Safari Hunting and Land Transformation.

Uncontrolled land transformation is the biggest threat to Africa’s wildlife when wildlife is stripped of its value.

Once the land is converted for crops and livestock, biodiversity is lost and can no longer support game animals.

It is impossible to move people out to try and reclaim lost wilderness.

Tanzania provides an excellent example of how quickly this transformation can happen.

In 2015 the U.S. Fish and Wildlife Service placed the African lion on the endangered species list.

This listing has made the importation of lion trophies extremely difficult.

At that time, the country had over 200 000 sq. km. of wilderness set aside for hunting concessions.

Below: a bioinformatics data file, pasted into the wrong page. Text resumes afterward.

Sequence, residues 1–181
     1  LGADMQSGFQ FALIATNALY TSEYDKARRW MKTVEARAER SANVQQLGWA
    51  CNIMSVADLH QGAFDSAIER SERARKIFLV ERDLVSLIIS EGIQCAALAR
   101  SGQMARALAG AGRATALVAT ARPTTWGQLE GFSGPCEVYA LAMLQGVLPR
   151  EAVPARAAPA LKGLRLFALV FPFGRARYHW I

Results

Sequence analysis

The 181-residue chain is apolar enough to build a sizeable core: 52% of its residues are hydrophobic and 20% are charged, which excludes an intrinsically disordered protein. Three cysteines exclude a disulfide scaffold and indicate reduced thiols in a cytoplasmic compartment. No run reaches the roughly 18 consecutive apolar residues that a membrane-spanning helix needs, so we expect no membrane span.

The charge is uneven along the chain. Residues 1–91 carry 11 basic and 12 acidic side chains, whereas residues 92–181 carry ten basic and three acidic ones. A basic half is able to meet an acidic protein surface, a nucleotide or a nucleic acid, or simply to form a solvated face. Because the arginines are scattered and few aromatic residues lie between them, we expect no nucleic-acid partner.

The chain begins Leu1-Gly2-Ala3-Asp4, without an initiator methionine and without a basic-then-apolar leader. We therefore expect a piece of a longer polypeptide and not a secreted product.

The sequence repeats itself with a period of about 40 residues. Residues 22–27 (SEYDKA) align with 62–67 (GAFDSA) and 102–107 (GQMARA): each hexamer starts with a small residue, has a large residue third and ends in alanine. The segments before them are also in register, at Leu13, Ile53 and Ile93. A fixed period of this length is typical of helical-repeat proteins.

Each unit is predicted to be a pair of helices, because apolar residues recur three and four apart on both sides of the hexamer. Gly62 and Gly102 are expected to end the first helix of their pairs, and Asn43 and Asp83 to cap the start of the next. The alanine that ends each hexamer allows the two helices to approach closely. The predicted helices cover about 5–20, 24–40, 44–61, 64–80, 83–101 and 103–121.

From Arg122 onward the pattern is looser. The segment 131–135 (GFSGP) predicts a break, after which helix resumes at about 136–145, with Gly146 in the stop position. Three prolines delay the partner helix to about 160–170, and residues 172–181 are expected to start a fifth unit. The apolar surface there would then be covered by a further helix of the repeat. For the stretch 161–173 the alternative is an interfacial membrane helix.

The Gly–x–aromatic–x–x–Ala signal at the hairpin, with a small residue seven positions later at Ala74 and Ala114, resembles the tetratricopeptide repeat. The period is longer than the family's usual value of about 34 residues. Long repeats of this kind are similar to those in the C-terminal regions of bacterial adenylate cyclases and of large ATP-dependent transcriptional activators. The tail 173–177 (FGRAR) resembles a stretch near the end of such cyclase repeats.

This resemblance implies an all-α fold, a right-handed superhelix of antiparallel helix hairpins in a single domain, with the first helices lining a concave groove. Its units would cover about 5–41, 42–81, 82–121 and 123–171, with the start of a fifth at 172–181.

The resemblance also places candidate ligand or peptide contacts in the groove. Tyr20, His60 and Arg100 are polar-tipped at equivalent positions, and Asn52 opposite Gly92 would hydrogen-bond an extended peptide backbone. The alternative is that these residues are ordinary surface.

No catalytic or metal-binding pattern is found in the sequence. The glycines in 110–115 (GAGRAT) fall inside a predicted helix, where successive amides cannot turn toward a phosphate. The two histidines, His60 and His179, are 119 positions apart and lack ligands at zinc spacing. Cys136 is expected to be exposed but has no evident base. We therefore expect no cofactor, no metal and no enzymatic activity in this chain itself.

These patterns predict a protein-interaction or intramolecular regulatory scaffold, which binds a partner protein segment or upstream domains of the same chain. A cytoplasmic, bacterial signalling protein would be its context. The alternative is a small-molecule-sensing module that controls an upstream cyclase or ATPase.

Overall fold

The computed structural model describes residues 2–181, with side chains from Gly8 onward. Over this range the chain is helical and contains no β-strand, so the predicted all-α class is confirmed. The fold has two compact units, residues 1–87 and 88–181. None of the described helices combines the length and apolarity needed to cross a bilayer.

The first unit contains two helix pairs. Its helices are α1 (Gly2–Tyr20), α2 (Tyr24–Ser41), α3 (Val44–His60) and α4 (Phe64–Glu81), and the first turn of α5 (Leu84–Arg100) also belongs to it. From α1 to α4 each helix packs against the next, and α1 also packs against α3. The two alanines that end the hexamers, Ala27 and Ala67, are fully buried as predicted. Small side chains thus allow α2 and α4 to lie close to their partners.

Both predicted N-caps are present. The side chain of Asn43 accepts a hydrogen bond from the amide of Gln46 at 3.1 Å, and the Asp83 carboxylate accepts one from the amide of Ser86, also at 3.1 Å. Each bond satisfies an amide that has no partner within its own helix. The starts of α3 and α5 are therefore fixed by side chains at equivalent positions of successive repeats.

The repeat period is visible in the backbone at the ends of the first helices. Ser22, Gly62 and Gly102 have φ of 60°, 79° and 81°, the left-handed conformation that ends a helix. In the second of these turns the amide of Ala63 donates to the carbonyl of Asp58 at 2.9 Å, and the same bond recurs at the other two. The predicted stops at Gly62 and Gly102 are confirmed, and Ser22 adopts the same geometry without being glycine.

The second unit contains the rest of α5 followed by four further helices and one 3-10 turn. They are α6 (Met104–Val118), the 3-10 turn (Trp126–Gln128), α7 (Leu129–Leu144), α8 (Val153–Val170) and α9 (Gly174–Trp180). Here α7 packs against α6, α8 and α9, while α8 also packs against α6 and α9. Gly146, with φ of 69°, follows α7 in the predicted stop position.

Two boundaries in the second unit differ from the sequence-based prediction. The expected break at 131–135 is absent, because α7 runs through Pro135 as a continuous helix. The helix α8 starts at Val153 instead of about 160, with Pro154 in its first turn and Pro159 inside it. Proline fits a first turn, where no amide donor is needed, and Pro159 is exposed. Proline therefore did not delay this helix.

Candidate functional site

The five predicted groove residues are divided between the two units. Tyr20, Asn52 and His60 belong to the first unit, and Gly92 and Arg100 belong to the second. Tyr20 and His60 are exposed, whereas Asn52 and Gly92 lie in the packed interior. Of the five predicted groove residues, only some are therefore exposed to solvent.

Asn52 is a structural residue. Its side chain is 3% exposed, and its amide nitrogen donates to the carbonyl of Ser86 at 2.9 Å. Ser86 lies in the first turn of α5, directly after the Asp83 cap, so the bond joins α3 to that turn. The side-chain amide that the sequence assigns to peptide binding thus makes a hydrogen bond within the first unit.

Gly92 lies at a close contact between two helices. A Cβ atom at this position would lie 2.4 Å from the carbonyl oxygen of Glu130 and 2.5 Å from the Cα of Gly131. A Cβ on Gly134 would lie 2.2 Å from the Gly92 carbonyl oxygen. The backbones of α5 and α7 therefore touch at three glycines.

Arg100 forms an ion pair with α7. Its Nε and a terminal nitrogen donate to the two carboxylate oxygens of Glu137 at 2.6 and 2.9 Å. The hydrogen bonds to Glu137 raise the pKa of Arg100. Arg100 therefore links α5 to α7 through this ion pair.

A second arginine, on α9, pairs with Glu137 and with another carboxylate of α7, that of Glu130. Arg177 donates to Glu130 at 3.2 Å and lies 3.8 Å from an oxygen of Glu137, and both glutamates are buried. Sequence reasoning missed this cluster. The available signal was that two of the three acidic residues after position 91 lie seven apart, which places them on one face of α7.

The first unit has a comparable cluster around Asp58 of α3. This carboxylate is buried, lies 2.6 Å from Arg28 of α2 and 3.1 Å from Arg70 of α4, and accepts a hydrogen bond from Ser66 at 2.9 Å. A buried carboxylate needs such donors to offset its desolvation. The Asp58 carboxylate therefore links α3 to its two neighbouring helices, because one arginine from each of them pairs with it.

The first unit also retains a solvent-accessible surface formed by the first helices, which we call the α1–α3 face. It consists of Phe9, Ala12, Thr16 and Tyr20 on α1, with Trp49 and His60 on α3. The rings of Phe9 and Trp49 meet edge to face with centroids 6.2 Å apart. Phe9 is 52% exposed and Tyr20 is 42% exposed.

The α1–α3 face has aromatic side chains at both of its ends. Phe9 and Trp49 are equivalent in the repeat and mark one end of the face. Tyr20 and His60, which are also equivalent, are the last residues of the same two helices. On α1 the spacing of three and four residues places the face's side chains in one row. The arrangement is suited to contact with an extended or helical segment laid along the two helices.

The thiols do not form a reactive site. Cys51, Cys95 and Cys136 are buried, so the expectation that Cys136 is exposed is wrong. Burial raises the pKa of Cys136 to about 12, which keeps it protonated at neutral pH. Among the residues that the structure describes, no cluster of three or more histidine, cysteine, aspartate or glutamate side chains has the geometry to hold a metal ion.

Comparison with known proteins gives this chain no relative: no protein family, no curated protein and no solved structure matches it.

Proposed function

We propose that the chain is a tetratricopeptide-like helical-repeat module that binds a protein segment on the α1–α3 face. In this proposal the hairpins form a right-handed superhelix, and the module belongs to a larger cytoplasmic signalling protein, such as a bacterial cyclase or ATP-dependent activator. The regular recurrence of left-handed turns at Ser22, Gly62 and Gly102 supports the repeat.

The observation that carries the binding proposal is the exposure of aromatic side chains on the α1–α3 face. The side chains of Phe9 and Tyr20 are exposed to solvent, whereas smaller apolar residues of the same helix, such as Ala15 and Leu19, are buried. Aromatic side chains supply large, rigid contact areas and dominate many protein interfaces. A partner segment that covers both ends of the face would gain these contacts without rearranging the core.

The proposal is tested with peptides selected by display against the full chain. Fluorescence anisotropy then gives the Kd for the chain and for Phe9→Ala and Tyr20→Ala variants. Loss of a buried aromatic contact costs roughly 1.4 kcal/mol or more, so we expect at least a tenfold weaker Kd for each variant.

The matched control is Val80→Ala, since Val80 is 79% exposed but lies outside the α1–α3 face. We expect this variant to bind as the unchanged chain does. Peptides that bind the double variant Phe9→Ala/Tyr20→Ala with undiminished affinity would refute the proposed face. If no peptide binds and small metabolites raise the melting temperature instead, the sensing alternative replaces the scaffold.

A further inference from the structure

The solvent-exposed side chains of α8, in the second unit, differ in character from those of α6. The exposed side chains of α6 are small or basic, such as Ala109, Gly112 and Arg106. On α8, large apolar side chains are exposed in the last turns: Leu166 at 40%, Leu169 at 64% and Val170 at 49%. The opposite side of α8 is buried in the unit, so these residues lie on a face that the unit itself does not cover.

Lions generate the highest revenue per hunt of any species in Africa except for rhino, and most visiting hunters are U.S. citizens.

The operators across the whole of Africa lost most of their lion hunting clients and the irreplaceable income.

In 2016 hunting companies returned 44 concessions to the Tanzanian wildlife department, 60 700 sq. km of wilderness which equates to 3 Kruger National parks.

Many of these areas have been lost forever to subsistence agriculture.

Covid-19 has further exasperated things as companies go out of business, and even more concessions are handed back to the government.